• Enable the VNC server by clicking the respective radio button, and click OK.
preferences

You should then see the icon for the VNC server in your menu bar.

menu

Your VNC server will now start whenever the Pi is booted, and will continue to do so until you disable the VNC server again.

To connect to the Raspberry Pi from another computer, follow the instructions in one of the links below.

Connecting with Windows, Linux, or macOS

There are many VNC viewers that can be downloaded and used on your desktop computer. For simplicity’s sake, the instructions below are for using RealVNC.

  • Download the client for your preferred operating system from the RealVNC website.
  • Install the downloaded software.
  • When you run the software for the first time, you will be asked to accept the terms and conditions.
  • You can now connect remotely to your Raspberry Pi by typing its IP address into the connection bar. If you don’t know the IP address of your Raspberry Pi, you can find it by clicking on the RealVNC icon on the Raspberry Pi’s desktop.ip address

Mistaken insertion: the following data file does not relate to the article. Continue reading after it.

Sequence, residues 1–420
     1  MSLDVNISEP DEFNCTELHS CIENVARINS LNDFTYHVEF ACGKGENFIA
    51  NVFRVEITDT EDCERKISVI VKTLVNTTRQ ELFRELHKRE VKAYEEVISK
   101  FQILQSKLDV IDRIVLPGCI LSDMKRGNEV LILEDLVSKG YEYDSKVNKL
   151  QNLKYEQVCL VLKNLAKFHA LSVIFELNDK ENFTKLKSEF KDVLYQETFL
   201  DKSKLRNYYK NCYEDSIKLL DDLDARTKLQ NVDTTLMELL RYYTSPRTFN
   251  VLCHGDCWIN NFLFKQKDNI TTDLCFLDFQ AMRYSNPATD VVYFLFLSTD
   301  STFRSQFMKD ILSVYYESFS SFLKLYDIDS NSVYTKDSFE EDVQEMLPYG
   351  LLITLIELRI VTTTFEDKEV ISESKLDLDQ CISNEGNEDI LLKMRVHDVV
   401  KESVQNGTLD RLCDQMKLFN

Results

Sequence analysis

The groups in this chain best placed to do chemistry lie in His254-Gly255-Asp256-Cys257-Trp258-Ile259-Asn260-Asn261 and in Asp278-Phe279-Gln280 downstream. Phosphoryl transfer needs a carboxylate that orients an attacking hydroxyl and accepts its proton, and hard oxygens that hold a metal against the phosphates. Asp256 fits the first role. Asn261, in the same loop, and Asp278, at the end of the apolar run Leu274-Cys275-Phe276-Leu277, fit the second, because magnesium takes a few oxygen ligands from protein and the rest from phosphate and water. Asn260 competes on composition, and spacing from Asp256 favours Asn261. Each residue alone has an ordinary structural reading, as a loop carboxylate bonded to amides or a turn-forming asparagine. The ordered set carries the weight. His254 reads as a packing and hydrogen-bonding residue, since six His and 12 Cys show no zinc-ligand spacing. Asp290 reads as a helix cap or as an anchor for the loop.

• Next, you’ll be asked to authenticate. Type in your Raspberry Pi username and password (the defaults are pi and raspberry).authentication
  • You should now have a remote desktop session.remote

VNC with Chrome OS

You’ll need an app from the Chrome Web Store to use VNC on a Chromebook.

  • In the Chrome Web Store, search for ‘VNC Viewer for Google Chrome’ and add the application to Chrome.
  • With the app open, you can type in the IP address and desktop number for the Raspberry Pi.
  • Enter the password at the prompt.
  • You should now be connected to the Raspberry Pi.

Other platforms

Most mobile platforms (Android, iOS, Windows Mobile) have their own VNC apps, which are available in the respective app stores.

Challenge Program your robot to do …(Read More)

n addition to your Raspberry Pi buggy, you will need:

  • 8 female-to-female or female-to-male jumper leads
  • 2 line following sensors